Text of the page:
Throughout the coronavirus pandemic, forest preserves in Cook County have provided visitors with plenty of outdoor space to roam and exercise, and they remain open for winter excursions.
“During these months, staying away from crowds, carefully navigating indoor spaces, the forest preserves have offered a place to enjoy ourselves in a manner that’s safe (for) social distancing,” said Cook County Board President Toni Preckwinkle on Monday morning. “Across Cook County, (the) preserves are a place to practice self-care, renew and rejuvenate your mind and body. But for those unfamiliar with the preserves during the colder months … it’s very different than when you came in July.”
Seasonal activities like snowshoeing, cross-country skiing and sledding replace zip lining, kayaking and canoeing. Free snowshoe rentals are offered at all forest preserve nature centers except for the Sagawau Environmental Learning Center, where you can rent cross-country skis. You can even go snowmobiling at a handful of locations, pending certain weather conditions.
“If you like winter sports or think it sounds like fun to try, go ice fishing at more than 20 lakes and ponds throughout the county,” said Cook County Forest Preserves Superintendent Arnold Randall.
Record numbers of visitors have been flocking to the preserves “during this difficult and relentless time,” according to Randall, who said twice as many people used preserve trails.
Too many visitors at the most popular forest preserves led to weekend parking lot closures this spring. Parking is limited to 50% capacity at nature centers and select locations like the Swallow Cliff stairs to help prevent crowding, according to forest preserve staff. You can find pandemic-related capacity limits and closures on the preserve’s website. While nature centers remain closed, restrooms are open and staff remain on site to answer questions, according to Randall. Picnic tables have been removed as they normally are this time of year.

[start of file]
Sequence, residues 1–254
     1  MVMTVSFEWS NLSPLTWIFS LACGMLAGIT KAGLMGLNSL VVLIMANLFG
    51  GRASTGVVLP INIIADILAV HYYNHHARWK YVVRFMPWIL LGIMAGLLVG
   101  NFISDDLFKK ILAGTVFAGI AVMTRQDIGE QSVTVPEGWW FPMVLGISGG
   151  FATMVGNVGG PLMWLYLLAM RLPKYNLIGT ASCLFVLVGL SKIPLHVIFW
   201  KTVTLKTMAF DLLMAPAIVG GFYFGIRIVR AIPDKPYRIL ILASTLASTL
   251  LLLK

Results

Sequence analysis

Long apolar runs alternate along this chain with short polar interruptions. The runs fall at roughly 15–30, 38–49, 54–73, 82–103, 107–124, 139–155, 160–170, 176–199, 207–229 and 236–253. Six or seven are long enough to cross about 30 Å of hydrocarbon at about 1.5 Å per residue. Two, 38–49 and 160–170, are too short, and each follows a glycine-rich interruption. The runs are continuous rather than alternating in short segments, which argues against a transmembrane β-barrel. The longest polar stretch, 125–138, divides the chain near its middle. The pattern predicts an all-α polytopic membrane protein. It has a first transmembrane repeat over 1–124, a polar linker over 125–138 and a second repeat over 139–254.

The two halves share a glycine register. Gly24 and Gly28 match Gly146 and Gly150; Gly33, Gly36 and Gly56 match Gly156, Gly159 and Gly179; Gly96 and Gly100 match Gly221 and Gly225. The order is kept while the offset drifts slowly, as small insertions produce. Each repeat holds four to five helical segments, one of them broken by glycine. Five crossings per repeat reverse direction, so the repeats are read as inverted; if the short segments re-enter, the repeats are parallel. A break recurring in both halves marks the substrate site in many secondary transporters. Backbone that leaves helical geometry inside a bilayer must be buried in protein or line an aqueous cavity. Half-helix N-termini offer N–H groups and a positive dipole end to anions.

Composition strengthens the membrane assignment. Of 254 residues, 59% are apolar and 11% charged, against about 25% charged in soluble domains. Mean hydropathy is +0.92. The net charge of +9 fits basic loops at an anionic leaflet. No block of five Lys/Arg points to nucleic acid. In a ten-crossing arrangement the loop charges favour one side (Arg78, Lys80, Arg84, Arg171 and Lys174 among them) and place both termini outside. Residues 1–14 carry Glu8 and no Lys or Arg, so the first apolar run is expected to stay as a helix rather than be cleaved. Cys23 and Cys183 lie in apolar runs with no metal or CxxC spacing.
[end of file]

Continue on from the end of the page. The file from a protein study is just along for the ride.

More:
Typically, fewer people venture out to the forest preserves during the winter, according to Randall, but he thinks that drop won’t be as steep this year.
“In the winter, you should be ready to spend time in the elements. Dress for the weather, starting with a moisture-wicking layer base, pay special attention to your hands and feet,” Randall said. “Bring water with you. With added layers and dryer air, dehydration can happen easily.”
Acknowledging that the next few months may be difficult, Randall said he hopes the forest preserves can be a resource for people.
“Spending time outside in nature is always a great way to improve our health, wellness and reduce stress,” said Dr. Kiran Joshi, co-lead at the Cook County Department of Public Health. “We know that winter can be incredibly tough on mental and physical health in a good year,” he said, which makes it all the more important to get plenty of physical activity and stay healthy this year. “The forest preserves can serve as your gateway to healthy and active living.”
Cook County Commissioner Brandon Johnson (1st District) said he recently visited the forest preserves with his three children and encouraged others to do the same.
“These have been very difficult and traumatic times for us, and we know this pandemic has been especially harsh on districts like mine where Black and Brown folks have overwhelmingly been crushed and devastated by the virus,” he said. “I’m strongly encouraging and recommending that during these difficult and unprecedented times (that people) take full advantage of the forest preserves.”
While visiting the preserves, officials said it’s vital to follow public health guidance to stop the spread of the virus, including wearing a mask, social distancing and regularly cleaning your hands either with soap and water or hand sanitizer.
And before you make the trek to one of the preserves, be sure to check for any pandemic-related closures.
Note: An earlier version of this story incorrectly explained parking capacity limits. The story has been updated.